Newcastle transformed over the course of the last 20 years, and with so many new developments in the pipeline, the prospects of new jobs and increased investment into the city are growing. These factors should cause house prices to rise over the coming years – albeit modestly. Newcastle Upon Tyne already has an international reputation for genetics and the training of doctors, which is why its Science City project is gathering pace. A £17 million project announced involving lavish plans for new student accommodation in the city, with further development around St James’ Park football stadium, planned.

About the City of Newcastle upon Tyne

Newcastle upon Tyne is a city in the north-east of England. Located on the banks of the River Tyne, the city is part of a much larger conurbation, which includes Gateshead, North Tyneside, South Tyneside and the larger towns of South Northumberland. With a total population of over 770,000, it is the seventh most populous metropolitan area in the UK.

Newcastle’s origin traces back to the era of Roman rule before the birth of Christ when the area was known as Pons Aelius. However, it gets its name from the 11th-century castle that Robert, the son of William the Conqueror, built. During the Medieval era, Newcastle became a major centre for the processing of wool, and as the Industrial Revolution started to dawn, it developed a reputation as a world-leading centre for the mining, processing and distribution of coal. Some major shipbuilding yards along the River Tyne also gave the area a reputation for building some of the largest and most famous ships of the 19th and the early 20th centuries.

Modern-day Newcastle is a major centre for the arts, technology, research and education. However, the local economy still relies heavily on the services industry, as the coal mining industry, shipbuilding yards and most of the major manufacturing plants have packed up and moved elsewhere. This reliance meant the local economy floundered somewhat during the last recession, and the house price falls in Newcastle and the surrounding areas were amongst the most severe in the UK.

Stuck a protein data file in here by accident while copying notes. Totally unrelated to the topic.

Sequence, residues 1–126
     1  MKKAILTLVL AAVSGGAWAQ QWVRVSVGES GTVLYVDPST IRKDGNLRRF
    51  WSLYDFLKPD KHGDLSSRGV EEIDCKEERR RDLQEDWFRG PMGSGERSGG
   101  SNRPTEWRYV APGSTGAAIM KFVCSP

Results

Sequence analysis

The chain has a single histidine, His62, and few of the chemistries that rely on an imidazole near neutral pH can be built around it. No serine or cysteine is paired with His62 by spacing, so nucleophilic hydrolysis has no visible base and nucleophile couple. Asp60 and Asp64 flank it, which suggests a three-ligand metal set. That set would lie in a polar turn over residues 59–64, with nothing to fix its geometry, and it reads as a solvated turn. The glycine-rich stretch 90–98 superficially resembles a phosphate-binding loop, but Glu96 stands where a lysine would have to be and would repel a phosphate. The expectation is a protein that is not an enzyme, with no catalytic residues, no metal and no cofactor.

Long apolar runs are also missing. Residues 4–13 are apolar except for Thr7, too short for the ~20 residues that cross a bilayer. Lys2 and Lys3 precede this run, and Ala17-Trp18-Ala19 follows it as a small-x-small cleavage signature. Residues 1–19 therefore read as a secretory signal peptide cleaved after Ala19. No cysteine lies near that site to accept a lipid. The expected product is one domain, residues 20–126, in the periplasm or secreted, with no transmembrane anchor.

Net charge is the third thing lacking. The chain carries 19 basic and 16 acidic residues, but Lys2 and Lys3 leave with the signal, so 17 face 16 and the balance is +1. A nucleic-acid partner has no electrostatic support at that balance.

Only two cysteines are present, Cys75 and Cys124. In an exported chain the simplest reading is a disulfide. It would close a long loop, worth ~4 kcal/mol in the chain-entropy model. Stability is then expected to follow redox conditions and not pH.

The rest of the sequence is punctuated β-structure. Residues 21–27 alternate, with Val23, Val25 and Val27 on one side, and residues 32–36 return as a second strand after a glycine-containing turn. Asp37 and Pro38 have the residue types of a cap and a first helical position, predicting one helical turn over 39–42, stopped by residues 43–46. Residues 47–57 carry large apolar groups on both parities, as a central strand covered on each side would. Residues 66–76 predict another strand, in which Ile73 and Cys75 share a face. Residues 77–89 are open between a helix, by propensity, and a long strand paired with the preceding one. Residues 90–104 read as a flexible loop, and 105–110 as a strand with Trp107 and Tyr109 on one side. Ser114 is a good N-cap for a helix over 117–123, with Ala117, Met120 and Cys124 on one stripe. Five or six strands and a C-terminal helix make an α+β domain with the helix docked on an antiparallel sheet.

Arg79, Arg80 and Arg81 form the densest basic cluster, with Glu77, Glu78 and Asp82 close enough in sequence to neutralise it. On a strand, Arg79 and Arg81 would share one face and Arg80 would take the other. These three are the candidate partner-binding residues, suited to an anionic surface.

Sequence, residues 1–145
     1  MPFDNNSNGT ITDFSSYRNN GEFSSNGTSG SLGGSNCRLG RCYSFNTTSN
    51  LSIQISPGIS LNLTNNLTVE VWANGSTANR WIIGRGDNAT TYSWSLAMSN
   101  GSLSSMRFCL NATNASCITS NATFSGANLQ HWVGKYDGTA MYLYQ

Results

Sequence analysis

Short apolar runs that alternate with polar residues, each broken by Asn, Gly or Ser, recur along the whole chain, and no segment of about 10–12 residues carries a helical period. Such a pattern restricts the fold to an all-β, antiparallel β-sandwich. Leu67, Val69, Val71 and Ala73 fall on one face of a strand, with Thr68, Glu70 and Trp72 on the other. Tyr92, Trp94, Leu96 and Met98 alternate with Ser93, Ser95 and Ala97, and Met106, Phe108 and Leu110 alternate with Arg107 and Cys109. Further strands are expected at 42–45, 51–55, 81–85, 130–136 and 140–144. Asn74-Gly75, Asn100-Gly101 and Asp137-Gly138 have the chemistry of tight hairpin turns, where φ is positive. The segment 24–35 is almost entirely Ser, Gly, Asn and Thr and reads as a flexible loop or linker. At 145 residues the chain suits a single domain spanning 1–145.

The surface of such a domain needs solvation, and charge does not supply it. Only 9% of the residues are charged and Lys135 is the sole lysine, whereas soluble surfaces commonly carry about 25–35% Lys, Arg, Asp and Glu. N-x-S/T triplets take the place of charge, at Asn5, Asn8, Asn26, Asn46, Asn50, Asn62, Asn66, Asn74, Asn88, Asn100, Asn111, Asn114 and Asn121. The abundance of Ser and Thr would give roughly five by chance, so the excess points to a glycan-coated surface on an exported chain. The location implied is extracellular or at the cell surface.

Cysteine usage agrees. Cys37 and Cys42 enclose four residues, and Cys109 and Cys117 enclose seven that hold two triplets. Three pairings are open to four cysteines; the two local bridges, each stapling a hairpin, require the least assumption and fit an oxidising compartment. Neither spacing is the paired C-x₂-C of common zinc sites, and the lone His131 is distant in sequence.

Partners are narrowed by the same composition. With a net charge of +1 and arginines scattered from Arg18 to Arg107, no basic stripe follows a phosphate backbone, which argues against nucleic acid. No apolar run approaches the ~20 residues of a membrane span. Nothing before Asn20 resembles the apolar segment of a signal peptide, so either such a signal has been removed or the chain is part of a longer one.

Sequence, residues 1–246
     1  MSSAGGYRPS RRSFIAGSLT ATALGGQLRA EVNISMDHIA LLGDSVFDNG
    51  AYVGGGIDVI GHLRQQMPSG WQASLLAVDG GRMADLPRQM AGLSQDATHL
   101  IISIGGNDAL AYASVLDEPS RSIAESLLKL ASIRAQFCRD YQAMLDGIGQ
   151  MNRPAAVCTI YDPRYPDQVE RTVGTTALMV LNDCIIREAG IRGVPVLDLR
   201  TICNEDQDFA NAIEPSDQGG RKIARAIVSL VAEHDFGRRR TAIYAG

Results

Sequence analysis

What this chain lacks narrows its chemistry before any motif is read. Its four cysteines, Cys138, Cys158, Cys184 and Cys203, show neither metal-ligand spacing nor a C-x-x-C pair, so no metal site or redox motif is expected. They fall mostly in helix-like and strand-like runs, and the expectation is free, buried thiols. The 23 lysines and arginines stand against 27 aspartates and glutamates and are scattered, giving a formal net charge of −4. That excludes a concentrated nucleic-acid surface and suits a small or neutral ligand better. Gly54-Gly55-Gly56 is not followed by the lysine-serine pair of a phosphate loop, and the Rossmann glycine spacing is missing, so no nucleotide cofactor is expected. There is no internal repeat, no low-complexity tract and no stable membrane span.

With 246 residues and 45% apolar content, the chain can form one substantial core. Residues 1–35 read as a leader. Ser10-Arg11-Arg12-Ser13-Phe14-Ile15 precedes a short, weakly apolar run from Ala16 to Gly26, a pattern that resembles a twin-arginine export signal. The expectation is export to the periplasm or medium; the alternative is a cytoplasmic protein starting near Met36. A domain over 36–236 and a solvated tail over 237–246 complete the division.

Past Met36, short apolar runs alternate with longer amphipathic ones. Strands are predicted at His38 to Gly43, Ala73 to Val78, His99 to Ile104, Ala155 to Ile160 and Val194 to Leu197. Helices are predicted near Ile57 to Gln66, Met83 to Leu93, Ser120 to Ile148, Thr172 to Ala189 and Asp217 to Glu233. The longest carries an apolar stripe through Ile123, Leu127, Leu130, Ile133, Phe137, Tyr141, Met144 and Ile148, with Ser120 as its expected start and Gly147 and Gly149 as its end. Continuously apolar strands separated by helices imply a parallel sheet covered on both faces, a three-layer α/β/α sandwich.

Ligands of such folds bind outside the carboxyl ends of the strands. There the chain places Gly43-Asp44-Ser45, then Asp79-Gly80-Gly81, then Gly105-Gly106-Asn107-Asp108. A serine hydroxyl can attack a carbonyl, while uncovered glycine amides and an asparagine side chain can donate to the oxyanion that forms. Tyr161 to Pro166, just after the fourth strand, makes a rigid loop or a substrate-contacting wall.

Where is Newcastle upon Tyne?

Newcastle located in Tyne and Wear was once the original seat of power in Northumberland. With Roman roots and centuries of history, there is plenty to do and see in and around the city if British history interests you. Although the castle that gave the city its name has largely vanished, the Castle Garth Keep is still a major tourist attraction in Newcastle. And just a few miles away in Wallsend is Hadrian’s Wall, which was erected by Emperor Hadrian to keep the Caledonians out of southern Britain.

Newcastle has a big reputation for science, research and innovation, and several of the city’s attractions are devoted to these traditions. The Life Science Centre includes a myriad of interesting exhibits and displays that chart the study and discovery of the human genome. The centre is still a leading international research and development facility. You can also tap into the region’s longstanding association with railways and electricity at the Discovery Museum, which includes a display dedicated to Joseph Swan – the man credited with developing electric light (along with bitter rival Thomas Edison).

If history and the arts are what you’re looking for, you will find plenty to explore at the Great North Museum, which displays everything from dinosaur bones to Roman artefacts. There is a huge selection of modern art at the Baltic Centre for Contemporary Art and more traditional works at Newcastle’s Laing Art Gallery.

The last few years have been some of the most traumatic ever for those with houses for sale in Newcastle Upon Tyne regarding declining home values. Although there are signs that the market is now stabilising, there is still a long way to go before house prices reach their 2007 levels. 

Visit our property investment page if you want to bag a bargain in Newcastle Upon Tyne. Protection Status